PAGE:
John Garner

Polylactide from PolySciTech used in analysis of temperature and humidity effects on polymer mechanical behavior.

Blog Post created by John Garner on Oct 25, 2019

Polymers can be visualized as long chains. The chains can be in a random jumble (amorphous) or neatly lined up and stacked tightly together (crystalline) or various combinations in between. The degree of organization of the polymers plays a dramatic role in the mechanical stiffness and strength of the materials made from the polymer. A classic example for this is polyvinylchloride which is both used for generation of garden-hoses (flexible) and credit-cards (stiff). Based on the processing and additives used, PVC can either be extremely flexible or extremely stiff. Recently, researchers at University of Wisconsin−Madison used PLA (AP164) to perform mechanical analysis under different conditions for determining humidity and temperature effects on polymer behavior. This research holds promise in furthering understanding about polymer behavior in solid state. Read more: Ricci, Josh, Trevor Bennin, Enran Xing, and M. D. Ediger. "Linear Stress Relaxation and Probe Reorientation: Comparison of the Segmental Dynamics of Two Glassy Polymers during Physical Aging." Macromolecules (2019).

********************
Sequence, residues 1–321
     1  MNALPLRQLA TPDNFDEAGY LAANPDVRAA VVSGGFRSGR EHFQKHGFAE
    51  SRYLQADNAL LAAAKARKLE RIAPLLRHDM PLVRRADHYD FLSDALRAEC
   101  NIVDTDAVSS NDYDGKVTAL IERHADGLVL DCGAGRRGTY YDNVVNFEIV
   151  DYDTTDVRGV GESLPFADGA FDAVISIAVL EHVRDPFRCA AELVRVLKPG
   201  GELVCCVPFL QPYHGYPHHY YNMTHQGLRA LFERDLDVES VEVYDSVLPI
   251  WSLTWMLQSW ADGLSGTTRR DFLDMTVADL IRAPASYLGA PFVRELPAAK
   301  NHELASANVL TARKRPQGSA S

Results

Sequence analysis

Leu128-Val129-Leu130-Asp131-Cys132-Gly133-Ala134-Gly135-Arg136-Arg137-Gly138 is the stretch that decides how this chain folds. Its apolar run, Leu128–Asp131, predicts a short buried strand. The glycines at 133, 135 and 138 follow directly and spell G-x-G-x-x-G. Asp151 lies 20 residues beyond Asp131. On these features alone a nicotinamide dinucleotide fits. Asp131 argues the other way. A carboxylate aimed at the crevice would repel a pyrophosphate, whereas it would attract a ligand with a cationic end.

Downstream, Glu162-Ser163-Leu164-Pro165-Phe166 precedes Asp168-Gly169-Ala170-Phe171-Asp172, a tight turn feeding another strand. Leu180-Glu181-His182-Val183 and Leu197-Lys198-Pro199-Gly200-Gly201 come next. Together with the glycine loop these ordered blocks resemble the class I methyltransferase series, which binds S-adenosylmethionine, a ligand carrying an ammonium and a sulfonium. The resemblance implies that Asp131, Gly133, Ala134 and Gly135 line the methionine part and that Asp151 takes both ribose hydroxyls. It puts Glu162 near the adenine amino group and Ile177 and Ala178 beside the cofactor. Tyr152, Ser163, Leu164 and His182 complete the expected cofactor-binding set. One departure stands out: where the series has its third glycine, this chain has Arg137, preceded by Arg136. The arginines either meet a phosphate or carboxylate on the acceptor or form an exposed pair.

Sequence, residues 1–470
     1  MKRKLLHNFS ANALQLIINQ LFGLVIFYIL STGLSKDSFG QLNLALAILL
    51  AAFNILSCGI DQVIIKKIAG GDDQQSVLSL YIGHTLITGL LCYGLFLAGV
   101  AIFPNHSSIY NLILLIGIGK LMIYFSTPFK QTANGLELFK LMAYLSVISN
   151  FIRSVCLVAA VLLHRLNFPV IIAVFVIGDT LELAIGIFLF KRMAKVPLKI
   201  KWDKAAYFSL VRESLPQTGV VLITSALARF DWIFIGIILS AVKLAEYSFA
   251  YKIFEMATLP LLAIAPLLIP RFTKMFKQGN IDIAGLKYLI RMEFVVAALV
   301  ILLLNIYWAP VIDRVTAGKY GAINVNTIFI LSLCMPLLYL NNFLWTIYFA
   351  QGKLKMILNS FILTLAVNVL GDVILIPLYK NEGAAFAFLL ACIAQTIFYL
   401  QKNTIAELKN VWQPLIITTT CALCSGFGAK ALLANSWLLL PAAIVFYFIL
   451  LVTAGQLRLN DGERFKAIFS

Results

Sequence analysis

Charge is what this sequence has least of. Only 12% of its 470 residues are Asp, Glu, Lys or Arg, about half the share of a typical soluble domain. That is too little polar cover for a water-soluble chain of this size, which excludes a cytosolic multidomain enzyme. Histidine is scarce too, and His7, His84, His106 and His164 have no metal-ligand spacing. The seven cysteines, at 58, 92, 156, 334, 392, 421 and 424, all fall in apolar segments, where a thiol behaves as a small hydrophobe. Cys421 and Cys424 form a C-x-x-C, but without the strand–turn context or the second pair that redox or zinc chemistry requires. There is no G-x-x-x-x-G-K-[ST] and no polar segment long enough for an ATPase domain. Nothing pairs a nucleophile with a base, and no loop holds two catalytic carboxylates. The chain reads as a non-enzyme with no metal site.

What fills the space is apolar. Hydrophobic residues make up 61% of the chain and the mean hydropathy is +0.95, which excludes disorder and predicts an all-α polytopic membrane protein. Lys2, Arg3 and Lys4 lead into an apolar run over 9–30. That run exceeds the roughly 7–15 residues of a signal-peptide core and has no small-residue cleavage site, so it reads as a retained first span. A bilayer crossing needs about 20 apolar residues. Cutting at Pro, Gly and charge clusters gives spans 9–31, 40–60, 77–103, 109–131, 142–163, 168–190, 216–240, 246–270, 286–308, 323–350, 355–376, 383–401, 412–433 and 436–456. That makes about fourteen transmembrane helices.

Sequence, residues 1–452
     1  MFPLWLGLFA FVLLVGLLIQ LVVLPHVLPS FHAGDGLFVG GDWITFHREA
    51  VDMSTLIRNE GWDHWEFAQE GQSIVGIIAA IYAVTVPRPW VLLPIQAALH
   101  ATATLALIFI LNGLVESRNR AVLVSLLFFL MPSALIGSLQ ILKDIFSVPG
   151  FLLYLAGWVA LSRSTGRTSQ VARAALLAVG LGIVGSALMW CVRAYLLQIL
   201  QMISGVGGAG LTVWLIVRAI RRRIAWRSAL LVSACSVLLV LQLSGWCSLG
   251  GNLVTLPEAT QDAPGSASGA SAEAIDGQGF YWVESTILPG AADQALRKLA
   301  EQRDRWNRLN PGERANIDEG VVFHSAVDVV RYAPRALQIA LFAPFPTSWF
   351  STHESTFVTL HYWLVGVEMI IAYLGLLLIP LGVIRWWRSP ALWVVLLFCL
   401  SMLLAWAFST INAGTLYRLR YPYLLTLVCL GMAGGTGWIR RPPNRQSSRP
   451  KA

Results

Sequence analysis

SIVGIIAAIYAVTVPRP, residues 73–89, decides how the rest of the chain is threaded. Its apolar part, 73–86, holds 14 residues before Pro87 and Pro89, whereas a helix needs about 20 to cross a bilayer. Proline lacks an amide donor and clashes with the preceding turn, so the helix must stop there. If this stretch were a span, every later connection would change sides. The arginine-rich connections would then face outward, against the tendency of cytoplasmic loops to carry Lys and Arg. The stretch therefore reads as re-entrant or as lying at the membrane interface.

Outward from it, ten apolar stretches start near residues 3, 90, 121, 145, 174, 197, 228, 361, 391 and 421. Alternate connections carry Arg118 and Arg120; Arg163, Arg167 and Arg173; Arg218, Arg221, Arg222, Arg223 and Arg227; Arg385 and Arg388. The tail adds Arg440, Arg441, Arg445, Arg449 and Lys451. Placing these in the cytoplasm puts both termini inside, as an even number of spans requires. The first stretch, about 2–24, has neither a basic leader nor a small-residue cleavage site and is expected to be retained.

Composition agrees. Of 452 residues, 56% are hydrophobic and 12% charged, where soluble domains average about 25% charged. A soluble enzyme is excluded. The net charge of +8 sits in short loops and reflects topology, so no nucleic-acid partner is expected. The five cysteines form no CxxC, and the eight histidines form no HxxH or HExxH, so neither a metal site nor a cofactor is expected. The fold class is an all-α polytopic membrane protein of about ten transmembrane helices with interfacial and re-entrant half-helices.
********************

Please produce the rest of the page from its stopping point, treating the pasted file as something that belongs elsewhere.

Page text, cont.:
“Segmental dynamics of glassy poly(methyl methacrylate) (PMMA) and poly(lactic acid) (PLA) have been measured over 8 h of aging via both optical probe reorientation and mechanical stress relaxation experiments performed in the linear response regime, in a temperature range between 6 and 30 K below the glass transition temperature (Tg). A clear power law relationship between relaxation times and aging times is observed in all experiments. For both PLA and PMMA glasses, the probe reorientation times are strongly correlated with stress relaxation times over the observed range of aging times and aging temperatures, with the two relaxation times related by a power law with an exponent of ∼1. Comparisons of these data sets with previously published work indicate that the relationship between the two relaxation times is not influenced by secondary relaxation processes, low levels of crosslinking, or the presence of a plasticizer. These results support the view that the probe reorientation technique is a good reporter of segmental dynamics in the glassy state.”